Updated: 5 days ago
During the Renaissance, humor was a large part of everyday life, both at court and in the countryside.
“A marriage can only be tranquil and peaceful if the wife is blind and the husband deaf,” said Alfonso of Aragon (1396-1458), the Spanish king who conquered Naples. Unlike earlier monarchs who were portrayed as devout, dour, and dull, Alphonso was a ruler who was wise enough to play the fool. The popularity of his jokes demonstrates how ubiquitous the art of jesting had become at the time.
By the reign of Henry VIII (1509-1547), no fewer than 21 collections of jokes were floating about Europe, including two in English. The first of these was the Hundred Merry Tales (1526), also known as Shakespeare’s Jest Book, as it was mentioned by the character Beatrice in the play Much Ado About Nothing.
This collection, along with the subsequent Tales and Quicke Answeres (1532), borrowed from continental sources and had some precedents in medieval compilations of exemplum, or moral tales intended for sermons. Like their classical counterparts, they were intended to aid eloquence, but they broke with the past by standing on their humor alone instead of serving a particularly didactic purpose.
The courtly use of these jokes is demonstrated in Baldassare Castiglione’s Book of the Courtier (1528), a manual for proper aristocratic behavior. The book devotes about a third of its content to proper use of wit in the royal setting.
For instance, Castiglione wrote that a sense of humor was “…suitable for the lips of men of some importance and can be used whether talking of amusing or serious matters.” Many of the jokes are attributed to Spain’s King Alfonso, but others are attributed to King Louis XI of France, Cosimo de Medici of Florence, and the Holy Roman Emperors Frederick and Sigismund.
Benevolence Through Comedy
Castiglione illustrated the magnanimous use of humor with a story about a greedy servant of Alfonso’s who subtly pocketed the king’s jewels as the king washed his hands. According to the tale, a year later, seeking to repeat the theft, the servant held out his hand as the king was again removing his rings to wash his hands.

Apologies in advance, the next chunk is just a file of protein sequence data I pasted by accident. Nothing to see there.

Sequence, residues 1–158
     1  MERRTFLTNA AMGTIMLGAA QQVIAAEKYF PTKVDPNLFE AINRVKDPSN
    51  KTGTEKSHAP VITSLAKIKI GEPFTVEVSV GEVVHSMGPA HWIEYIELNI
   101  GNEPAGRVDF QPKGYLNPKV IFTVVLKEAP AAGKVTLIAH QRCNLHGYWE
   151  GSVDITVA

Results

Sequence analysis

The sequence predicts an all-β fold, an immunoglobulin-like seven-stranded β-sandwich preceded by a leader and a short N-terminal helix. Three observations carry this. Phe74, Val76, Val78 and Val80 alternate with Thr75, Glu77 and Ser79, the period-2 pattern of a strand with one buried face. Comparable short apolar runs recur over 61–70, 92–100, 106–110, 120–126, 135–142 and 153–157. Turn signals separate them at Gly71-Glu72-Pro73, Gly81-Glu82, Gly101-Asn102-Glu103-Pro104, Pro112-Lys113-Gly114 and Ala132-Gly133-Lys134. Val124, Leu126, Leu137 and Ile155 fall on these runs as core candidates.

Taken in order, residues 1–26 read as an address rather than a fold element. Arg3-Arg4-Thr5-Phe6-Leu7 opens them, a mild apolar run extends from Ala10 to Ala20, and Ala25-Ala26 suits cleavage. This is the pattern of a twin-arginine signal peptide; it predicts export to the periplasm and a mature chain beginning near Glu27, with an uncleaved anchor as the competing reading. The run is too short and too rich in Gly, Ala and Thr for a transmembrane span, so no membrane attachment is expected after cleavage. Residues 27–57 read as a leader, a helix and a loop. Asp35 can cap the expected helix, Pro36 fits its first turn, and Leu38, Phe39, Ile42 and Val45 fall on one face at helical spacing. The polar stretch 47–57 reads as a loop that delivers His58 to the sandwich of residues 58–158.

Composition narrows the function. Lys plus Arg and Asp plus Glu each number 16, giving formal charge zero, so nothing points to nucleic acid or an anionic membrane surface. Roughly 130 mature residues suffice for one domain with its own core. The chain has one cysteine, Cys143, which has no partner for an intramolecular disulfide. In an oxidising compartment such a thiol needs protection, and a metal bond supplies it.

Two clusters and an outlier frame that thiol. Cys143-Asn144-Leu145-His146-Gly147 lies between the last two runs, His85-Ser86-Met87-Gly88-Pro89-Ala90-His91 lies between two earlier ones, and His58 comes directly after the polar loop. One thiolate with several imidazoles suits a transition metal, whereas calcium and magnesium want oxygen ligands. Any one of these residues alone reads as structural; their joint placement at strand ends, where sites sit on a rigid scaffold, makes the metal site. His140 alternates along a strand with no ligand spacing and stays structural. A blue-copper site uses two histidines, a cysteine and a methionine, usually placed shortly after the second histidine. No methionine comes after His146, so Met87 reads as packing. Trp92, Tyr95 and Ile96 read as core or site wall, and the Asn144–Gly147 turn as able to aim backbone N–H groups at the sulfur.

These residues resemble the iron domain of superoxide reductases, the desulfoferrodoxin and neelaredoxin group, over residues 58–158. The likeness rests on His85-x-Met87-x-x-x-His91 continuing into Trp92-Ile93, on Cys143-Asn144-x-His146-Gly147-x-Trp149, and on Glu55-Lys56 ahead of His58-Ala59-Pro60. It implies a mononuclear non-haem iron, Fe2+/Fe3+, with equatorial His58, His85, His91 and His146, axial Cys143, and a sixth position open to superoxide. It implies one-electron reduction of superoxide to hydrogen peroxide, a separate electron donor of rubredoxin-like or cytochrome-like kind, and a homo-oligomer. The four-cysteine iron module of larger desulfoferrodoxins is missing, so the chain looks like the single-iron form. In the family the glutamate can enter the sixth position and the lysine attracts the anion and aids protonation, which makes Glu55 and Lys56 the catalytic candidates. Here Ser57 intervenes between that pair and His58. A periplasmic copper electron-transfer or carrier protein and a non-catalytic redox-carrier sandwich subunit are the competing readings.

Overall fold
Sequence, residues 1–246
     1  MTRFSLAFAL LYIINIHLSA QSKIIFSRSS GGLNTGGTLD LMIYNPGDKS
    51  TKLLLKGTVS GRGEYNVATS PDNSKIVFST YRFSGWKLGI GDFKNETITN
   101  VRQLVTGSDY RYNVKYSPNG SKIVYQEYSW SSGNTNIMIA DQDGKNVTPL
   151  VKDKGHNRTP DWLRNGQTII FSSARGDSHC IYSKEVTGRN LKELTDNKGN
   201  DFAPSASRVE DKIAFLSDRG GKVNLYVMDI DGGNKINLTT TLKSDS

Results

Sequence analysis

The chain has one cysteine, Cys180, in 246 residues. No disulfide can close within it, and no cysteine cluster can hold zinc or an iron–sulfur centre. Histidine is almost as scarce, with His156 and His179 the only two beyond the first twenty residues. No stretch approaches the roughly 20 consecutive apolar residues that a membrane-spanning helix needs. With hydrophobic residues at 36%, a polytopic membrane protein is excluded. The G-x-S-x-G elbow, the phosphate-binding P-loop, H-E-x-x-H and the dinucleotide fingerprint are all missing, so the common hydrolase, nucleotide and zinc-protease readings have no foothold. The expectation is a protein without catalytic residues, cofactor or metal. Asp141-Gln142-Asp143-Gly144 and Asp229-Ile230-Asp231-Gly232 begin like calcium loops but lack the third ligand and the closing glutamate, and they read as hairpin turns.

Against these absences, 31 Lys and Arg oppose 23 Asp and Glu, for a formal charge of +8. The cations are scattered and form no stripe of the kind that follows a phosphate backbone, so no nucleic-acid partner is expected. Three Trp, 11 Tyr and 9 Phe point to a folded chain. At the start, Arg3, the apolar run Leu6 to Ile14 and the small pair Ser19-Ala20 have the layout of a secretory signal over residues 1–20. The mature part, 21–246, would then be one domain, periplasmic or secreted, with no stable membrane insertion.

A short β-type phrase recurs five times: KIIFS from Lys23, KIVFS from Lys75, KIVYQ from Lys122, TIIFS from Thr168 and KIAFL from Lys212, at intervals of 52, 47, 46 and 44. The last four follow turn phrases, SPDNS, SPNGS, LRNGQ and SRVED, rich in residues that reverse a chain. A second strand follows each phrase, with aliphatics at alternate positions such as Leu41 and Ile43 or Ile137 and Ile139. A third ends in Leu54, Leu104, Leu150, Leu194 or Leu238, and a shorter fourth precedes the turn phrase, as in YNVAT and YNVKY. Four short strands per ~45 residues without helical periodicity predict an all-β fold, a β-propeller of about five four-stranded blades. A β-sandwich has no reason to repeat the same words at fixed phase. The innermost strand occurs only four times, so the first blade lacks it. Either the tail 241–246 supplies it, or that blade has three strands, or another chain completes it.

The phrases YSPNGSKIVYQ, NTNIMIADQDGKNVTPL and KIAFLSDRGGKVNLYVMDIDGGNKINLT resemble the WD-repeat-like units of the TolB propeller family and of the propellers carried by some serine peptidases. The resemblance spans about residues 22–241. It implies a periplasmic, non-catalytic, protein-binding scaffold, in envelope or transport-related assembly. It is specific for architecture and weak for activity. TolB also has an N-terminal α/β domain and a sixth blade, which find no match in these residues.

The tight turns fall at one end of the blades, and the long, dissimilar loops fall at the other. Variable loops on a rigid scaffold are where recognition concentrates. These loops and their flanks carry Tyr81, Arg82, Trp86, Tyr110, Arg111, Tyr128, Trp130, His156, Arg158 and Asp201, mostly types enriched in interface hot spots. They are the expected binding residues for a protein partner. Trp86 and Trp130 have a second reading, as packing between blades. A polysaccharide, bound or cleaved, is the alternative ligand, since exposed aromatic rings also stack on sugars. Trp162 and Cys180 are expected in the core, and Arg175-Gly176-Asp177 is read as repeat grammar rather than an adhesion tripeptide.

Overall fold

Alfonso shrewdly quipped, “Let those you had before be enough for you, since these will do very well for someone else.”
Benevolence through comedy is a leitmotif even in the earliest joke books of the Renaissance. In Poggio Bracciolini’s Facetiae of Poggio (1470), the story of Prince Ridolfo being wounded by a clumsy archer demonstrates an example of such benevolence. In this tale, his servants threaten to dismember the man, but the gracious prince pardons him, humorously noting that the punishment should have been carried out before he was hit. The story shows that as a good sport, an ideal prince should be able to receive injury or criticism without losing face. It also shows that couching one’s criticisms with humor was a safe way to protest wrongdoing.
In a similar manner, one of the Merry Tales describes a poor woman who used her wits to admonish King Phillip of Macedonia, father to Alexander the Great. According to the tale, when the drunken King condemned her for a crime she had not committed, she asked the King to reconsider.
“To whom can you appeal?” the King asked her, and she wittily replied, “To King Phillip, but when he is more sober and better adjusted.”
Instead of being insulted, the King laughed and reversed his earlier judgment.
Rebuking both King and Pope
Interestingly, jokes from this time about popes and kings showed that they were neither infallible nor invulnerable. In Facetiae of Poggio, Bracciolini tells of a time when Pope Urban VI berated a man for having a “bad head.” The man supposedly replied, “That’s exactly what the common people say about you, Holy Father.”